I have mentioned avoiding training bias before but wanted to address the benefit of developing health and strength by appropriate training. Our bodies are excellent at adapting. We get better with practice; our muscles become more efficient, and we make hard tasks easier as our bodies adapt to the challenges.

If we spend all of our exercise time in one form of challenge, our body will develop in that direction. For instance, I work with people who are avid runners. Running is their outlet, their way to stay healthy and control stress; it gives them a sense of control over their world. There are many psychological as well as physical reasons that people run. The problem comes if that is the only thing you ever do for exercise because you are developing a training bias. You are moving in a single linear plane–forward. Your muscles develop toward that challenge to make it easy and more efficient. Your lungs and heart benefit from it, but eventually you start to plateau where your body is good at maintaining a certain level of health. For maximal burn of calories and fat as well as building muscle throughout the body, you need to challenge your body in new ways. I see chronic runners with muscle weaknesses, and it always surprises them because they consider themselves so active and healthy.

If you are not challenging the muscle, it is going to get weak. Running is not a whole body workout. It is a great aerobic workout and better than sitting around and not exercising, but it should not be your only form of exercise.

Cross training or performing different forms and areas of exercise in one workout is great for the body. Now I don’t mean the cross training you are thinking of where there are lots of heavy weights and you constantly pushing your body to its limits with excessive weight and repetitions. I mean the definition of cross training:  training across forms.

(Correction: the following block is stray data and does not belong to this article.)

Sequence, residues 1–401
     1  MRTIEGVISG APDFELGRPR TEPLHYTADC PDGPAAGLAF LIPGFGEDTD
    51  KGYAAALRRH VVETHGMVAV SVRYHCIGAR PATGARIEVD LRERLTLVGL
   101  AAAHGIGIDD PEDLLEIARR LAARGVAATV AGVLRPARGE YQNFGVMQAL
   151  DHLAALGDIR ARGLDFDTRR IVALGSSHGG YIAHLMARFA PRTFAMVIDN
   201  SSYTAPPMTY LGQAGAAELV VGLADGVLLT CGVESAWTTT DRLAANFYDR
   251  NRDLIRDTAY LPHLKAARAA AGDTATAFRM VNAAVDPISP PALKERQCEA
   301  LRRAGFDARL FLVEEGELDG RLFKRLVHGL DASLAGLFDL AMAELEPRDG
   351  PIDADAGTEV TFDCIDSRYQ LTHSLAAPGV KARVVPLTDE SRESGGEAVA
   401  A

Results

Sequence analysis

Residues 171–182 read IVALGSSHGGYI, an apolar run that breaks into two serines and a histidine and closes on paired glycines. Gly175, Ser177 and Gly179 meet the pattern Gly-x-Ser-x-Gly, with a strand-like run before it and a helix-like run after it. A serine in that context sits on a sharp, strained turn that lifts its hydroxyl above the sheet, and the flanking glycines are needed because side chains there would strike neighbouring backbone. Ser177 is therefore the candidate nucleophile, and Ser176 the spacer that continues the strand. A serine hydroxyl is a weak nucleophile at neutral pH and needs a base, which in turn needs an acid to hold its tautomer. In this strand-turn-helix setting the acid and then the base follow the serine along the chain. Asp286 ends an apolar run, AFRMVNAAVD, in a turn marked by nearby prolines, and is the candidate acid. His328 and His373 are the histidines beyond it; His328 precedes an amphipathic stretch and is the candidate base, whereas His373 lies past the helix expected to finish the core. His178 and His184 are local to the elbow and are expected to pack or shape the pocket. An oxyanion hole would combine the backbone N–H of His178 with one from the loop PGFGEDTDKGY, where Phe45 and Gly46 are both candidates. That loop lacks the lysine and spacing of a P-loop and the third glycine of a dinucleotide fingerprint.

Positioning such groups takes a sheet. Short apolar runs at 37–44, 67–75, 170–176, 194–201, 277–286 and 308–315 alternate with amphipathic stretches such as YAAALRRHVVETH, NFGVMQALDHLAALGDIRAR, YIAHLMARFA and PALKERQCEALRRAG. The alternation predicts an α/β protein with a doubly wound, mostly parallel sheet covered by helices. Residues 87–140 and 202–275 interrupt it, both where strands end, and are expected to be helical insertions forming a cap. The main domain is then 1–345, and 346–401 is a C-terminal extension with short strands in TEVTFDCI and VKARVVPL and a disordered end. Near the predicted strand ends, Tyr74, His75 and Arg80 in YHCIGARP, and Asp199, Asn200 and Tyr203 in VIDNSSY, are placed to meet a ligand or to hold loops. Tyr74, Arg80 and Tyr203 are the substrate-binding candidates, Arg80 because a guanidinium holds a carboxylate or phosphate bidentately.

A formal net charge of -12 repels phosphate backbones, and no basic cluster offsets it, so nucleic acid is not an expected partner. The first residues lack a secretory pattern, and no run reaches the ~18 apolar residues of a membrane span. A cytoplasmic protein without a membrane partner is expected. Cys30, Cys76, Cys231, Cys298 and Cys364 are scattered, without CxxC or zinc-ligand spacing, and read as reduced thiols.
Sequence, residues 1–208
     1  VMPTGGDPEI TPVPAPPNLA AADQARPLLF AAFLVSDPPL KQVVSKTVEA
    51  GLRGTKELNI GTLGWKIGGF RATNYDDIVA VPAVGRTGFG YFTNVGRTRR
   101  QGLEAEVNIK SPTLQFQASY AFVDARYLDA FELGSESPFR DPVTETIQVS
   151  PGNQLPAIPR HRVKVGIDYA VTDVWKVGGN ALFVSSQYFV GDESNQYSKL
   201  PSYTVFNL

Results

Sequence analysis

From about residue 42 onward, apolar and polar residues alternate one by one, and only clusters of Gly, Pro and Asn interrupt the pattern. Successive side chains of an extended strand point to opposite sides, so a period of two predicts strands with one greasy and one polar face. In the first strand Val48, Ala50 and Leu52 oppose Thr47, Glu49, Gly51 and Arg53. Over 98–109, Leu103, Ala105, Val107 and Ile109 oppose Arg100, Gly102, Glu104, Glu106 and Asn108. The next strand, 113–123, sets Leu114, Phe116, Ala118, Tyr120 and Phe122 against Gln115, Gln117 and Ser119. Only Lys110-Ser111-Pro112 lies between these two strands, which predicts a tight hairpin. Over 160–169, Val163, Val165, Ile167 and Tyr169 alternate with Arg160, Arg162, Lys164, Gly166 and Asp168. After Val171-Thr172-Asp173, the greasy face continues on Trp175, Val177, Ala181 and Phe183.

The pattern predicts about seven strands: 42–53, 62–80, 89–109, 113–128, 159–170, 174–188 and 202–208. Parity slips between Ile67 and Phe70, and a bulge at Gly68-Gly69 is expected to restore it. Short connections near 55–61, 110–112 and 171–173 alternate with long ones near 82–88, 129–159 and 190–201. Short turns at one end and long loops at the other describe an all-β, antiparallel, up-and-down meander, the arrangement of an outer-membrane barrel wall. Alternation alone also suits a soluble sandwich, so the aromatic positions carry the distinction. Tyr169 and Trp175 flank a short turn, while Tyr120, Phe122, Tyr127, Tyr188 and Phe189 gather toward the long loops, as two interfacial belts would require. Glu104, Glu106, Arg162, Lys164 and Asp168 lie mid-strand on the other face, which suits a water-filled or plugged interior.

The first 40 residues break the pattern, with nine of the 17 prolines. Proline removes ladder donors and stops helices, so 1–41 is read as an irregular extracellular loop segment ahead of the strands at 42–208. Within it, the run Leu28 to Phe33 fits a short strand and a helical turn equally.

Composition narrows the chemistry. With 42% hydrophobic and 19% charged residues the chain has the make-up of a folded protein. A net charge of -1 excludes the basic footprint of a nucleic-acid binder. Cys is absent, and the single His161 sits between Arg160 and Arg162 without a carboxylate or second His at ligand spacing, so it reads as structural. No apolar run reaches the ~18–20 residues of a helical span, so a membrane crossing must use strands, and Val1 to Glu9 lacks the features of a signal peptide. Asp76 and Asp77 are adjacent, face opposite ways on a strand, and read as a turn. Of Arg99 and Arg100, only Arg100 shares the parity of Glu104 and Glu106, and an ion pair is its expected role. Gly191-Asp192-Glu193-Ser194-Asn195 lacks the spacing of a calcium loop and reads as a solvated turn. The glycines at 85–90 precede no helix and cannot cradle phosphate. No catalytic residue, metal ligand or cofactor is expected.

One day you run, the next day you do plyometrics, the next day you bike, the next day you play your favorite sport for exercise, the next day you lift, and so on. Or simply perform a work out routine that challenges different body parts such as ladders or interval training. That is cross training–challenging your body with alternative forms of exercise. This will prevent plateau through adaption and also prevent training bias. You will be consistently challenging different muscles which will tell your body, “Hey, keep this strong because I use it, so I will need it.”

I could go on and on about the benefits of cross training, how you burn calories in less time, increase your heart rate sooner, prevent plateau in fat burn, etc. What I don’t recommend is that people perform circuit training or interval training with high intensity until they have ramped up to that level. I see many injuries come from people jumping into a video that demonstrates high intensity and they try too soon to mimic that level.

Whenever starting an exercise program, listen to your body. Be kind to your body; it is amazing, and if you treat it right it can change and do amazing things for you.

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